A new study guides entrepreneurs seeking the right place to run a business by examining how states are faring in a changing economy
The U.S. is in the midst of its third major economic transformation of the last 120 years, equivalent in scope and depth to the emergence of the factory economy in the 1890s and the mass-production, corporate economy in the 1940s and 1950s. This means states must act decisively to encourage entrepreneurship or be left behind in this New Economy.
That's the line of thinking behind the 2007 State New Economy Index, a study released Feb. 27 to coincide with EntrepreneurshipWeek USA (see BusinessWeek.com, 2/22/07, "A Weeklong Festival for Entrepreneurship"), organized by the Kauffman Foundation, a Kansas City (Mo.)-based private foundation that promotes entrepreneurship, and the Information Technology and Innovation Foundation (ITIF), a public-policy think tank. They want the study to spotlight the states where entrepreneurship and innovation are most encouraged, and get lawmakers in other states thinking about how to adapt.
The study, based on similar ITIF studies in 1999 and 2002, uses 26 indicators—such as educational attainment of the workforce and number of new startups and business failures—to provide detailed rankings on how states are adapting to the challenges of a global, entrepreneurial, and knowledge-based economy.
The rankings don't necessarily reveal the best states to start or relocate a business—at least not in the traditional sense of measuring where to find cheap labor and low taxes, says Rob Atkinson, ITIF president and the study's lead author. "But if you're an entrepreneur trying to do something new, something that's based on new kinds of products or services, and you want to be globally linked and need highly skilled workers and IT infrastructure, this is a much more accurate tool for that," says Atkinson.
For entrepreneurs, it offers clues as to which states are the most wired, the most globally connected, and the most open to innovation. But it's key for people using the study to look below the first layer. "It's tempting to say that the composite ranking would correlate to states that are best [for starting] a business. That might not be totally accurate," says Bob Litan, vice-president for research and policy at the Kauffman Foundation (see BusinessWeek.com, 2/26/07, "A Roadmap for an Entrepreneurial Economy"). "You may be in different industries in certain states where the overall rankings don't mean as much to you."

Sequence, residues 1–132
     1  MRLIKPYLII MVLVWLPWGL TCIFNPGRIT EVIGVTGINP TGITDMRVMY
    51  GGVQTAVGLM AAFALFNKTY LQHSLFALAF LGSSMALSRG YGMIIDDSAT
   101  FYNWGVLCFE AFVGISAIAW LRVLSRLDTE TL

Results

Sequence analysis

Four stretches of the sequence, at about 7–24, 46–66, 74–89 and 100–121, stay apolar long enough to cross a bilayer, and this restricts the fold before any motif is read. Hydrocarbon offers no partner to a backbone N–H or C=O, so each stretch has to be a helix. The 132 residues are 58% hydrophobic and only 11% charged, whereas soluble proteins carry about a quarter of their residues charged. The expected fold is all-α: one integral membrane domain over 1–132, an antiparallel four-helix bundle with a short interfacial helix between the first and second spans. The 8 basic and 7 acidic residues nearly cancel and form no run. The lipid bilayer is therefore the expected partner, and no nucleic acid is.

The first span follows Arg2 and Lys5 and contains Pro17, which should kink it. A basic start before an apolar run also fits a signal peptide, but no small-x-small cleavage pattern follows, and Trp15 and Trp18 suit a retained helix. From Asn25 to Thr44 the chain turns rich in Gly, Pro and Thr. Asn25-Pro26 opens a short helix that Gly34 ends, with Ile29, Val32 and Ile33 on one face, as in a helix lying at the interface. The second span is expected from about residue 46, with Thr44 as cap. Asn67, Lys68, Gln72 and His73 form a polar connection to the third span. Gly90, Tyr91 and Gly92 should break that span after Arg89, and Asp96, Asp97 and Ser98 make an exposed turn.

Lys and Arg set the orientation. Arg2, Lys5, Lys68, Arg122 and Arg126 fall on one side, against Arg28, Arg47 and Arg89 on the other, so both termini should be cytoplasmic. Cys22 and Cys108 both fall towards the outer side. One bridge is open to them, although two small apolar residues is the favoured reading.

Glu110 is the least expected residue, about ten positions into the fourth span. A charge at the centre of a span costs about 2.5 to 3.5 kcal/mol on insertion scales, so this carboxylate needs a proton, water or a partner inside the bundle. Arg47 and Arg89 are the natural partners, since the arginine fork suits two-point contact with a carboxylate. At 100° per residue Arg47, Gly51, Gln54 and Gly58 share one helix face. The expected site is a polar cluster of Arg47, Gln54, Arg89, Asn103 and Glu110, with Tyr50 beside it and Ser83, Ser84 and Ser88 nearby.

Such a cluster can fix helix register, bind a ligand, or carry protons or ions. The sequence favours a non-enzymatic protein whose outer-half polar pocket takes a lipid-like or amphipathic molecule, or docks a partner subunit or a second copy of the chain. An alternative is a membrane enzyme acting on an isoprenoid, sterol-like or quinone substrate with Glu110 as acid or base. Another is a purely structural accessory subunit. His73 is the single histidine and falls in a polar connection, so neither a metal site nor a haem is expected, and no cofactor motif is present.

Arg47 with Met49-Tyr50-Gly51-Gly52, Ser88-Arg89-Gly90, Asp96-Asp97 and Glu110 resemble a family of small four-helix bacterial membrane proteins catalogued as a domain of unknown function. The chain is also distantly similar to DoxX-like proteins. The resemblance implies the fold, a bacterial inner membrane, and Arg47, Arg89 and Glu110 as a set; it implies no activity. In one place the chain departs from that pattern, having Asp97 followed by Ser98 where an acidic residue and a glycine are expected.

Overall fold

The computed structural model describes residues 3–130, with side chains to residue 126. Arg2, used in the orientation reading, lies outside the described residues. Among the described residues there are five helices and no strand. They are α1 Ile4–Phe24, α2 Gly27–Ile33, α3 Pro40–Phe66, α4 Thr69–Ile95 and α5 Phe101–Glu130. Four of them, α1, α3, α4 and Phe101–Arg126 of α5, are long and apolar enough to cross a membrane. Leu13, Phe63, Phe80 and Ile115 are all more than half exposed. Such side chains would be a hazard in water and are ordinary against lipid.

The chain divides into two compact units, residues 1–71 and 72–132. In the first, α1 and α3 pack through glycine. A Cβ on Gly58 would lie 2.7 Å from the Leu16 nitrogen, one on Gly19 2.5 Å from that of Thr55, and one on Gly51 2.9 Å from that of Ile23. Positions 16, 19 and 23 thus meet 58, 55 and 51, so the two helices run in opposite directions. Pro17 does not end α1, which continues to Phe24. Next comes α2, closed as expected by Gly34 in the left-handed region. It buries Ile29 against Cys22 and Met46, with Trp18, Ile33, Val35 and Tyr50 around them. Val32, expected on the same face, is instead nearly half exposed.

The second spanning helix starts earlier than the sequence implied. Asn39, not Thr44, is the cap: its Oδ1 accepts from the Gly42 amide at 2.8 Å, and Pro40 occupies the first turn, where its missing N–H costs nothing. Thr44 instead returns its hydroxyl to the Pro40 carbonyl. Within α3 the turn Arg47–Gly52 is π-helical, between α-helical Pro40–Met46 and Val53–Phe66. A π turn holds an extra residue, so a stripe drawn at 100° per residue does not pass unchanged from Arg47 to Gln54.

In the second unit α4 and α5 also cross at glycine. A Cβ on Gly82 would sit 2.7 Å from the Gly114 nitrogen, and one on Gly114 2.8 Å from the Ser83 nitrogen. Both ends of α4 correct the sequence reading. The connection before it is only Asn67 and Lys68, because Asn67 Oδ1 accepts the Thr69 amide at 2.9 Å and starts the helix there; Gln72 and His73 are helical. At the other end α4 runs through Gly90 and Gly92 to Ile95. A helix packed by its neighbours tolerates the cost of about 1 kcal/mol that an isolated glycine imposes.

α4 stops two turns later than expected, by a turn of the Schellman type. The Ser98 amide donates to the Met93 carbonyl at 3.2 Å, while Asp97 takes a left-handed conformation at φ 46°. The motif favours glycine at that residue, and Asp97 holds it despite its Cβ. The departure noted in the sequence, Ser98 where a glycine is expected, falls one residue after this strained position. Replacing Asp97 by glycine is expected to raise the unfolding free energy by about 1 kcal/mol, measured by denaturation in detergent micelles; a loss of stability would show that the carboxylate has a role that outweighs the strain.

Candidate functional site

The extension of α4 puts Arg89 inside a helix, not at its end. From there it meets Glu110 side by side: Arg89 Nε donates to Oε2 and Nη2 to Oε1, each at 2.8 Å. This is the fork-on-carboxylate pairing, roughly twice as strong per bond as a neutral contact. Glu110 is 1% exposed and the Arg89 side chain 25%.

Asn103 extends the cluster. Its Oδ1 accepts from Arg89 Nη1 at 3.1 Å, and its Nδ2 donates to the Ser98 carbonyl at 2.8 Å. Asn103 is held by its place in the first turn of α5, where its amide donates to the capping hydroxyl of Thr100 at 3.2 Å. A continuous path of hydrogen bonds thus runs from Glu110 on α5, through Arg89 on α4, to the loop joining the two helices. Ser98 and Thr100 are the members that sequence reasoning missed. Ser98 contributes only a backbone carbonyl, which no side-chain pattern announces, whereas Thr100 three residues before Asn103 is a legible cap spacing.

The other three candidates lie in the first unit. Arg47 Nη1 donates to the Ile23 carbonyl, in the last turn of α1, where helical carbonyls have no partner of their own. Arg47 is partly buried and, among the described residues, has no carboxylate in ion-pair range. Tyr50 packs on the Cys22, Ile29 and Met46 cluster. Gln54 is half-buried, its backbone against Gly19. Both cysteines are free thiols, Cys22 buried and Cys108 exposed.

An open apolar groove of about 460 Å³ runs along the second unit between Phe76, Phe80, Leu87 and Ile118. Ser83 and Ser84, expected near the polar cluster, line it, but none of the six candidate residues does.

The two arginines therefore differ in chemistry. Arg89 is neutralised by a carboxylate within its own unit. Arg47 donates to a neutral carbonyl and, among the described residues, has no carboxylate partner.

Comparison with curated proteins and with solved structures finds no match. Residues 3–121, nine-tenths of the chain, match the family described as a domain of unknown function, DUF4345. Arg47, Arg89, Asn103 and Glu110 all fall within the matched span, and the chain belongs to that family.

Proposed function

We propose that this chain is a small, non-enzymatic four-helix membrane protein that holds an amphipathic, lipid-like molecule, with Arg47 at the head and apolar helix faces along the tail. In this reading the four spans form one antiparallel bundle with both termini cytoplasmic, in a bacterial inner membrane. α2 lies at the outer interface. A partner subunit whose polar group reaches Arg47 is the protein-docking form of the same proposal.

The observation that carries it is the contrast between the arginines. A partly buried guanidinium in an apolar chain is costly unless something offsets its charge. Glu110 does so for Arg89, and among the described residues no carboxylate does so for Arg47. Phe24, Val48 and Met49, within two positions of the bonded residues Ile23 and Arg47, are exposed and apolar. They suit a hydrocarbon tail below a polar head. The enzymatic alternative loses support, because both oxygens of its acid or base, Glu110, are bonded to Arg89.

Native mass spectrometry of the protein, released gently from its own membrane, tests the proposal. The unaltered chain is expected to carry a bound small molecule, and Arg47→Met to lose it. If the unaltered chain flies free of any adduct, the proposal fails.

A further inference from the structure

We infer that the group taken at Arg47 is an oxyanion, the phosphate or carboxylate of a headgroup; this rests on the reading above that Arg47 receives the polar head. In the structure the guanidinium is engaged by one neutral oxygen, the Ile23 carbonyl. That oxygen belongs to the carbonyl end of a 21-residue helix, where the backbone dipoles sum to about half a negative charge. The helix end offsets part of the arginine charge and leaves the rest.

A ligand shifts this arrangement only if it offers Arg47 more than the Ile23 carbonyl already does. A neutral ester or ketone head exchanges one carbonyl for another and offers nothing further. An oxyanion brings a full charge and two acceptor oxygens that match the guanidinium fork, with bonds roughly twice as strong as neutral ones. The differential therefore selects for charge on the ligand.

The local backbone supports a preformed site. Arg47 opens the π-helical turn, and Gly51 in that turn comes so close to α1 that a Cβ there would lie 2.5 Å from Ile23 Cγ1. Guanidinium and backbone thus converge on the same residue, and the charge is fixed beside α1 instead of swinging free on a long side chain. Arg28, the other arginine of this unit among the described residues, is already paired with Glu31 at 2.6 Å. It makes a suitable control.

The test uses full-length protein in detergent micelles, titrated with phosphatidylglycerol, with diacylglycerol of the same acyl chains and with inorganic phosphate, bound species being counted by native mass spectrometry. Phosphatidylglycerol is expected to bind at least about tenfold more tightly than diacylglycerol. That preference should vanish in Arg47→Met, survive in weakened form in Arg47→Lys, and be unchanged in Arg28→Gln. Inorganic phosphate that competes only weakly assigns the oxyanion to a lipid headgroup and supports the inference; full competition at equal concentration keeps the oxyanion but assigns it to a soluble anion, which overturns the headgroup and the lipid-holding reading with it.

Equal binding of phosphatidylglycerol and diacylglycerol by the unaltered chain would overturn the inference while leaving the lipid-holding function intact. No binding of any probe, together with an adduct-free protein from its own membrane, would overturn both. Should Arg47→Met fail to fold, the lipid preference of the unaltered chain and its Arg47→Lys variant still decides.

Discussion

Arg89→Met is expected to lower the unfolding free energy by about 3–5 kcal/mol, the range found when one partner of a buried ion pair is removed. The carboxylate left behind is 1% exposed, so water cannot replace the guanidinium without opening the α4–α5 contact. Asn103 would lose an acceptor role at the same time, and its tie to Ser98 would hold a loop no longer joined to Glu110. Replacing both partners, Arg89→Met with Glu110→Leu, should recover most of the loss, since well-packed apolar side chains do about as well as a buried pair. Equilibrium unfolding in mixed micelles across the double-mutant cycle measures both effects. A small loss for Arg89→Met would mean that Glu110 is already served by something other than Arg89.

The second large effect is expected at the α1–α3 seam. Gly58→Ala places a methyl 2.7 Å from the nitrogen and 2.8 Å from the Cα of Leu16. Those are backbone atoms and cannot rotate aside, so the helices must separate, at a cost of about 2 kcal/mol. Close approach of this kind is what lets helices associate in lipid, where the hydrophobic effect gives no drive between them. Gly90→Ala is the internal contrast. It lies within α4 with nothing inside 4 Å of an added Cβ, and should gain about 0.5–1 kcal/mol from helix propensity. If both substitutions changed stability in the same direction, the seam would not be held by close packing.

Instead, the study can serve as a guide for entrepreneurs searching for a state that encourages their kind of business. For instance, Nevada, which ranks highest in IPOs, might be a good place to take a growth-oriented company that has the potential to go public.
Overall, the states that top the list boast an educated workforce and a whole lot of technology-based companies. The state farthest along the path to the New Economy is Massachusetts. Topping the list in 1999 and 2002, Massachusetts' lead over other states in 2007 has increased—with a concentration of software, hardware, and biotech firms supported by universities such as MIT, Harvard, and others. The state had the fourth-highest increase in per capita income, according to the study.
New Jersey and Maryland, states that ranked fifth and sixth, respectively, in 2002, rose in the new rankings, placing second and third overall. These, along with No. 4 Washington state and the rest of the top 10 (in descending order, California, Connecticut, Delaware, Virginia, Colorado, and New York), have a number of qualities in common. Aside from being home to many high-tech companies, they also tend to have a high concentration of managers, professionals, and college-educated residents working in "knowledge jobs," or jobs that require at least a two-year college degree.
The states not adapting well to the New Economy include No. 50 West Virginia and No. 49 Mississippi, which had identical ranks in 2002. Other states with low scores include, in reverse order, South Dakota, Arkansas, Alabama, Kentucky, Louisiana, Wyoming, Montana, and Hawaii. According to the study, the historical economies of many of these and other Southern and Plains states depended on natural resources or on mass-production manufacturing (or tourism in the case of Hawaii), and relied on low costs rather than innovative capacity to gain advantage.
Improving Their Grades
The study represents the latest attempt at ranking U.S. states in their conduciveness to entrepreneurship. The Washington (D.C.)-based Corporation for Enterprise Development (CFED) has been producing its own Development Report Card, which measures states against each other, since 1987. Their study measures 67 components of a healthy state economy, not just a low-tax, low-regulation place where a business could operate cheaply. States often take notice of such studies, says Beadsie Woo, chief economist for CFED, who is often invited to meet "with government and elected officials about the ways in which economic development is and is not succeeding."
Like CFED's Development Report Card, the authors of the ITIF/Kauffman study hope their research will make its way onto lawmakers' priority lists. The authors argue that the health of state and national economies may depend on how well they foster the kind of climate that attracts entrepreneurs.
Click here to see a slide show of the 10 states that ranked highest overall in the ITIF/Kauffman study.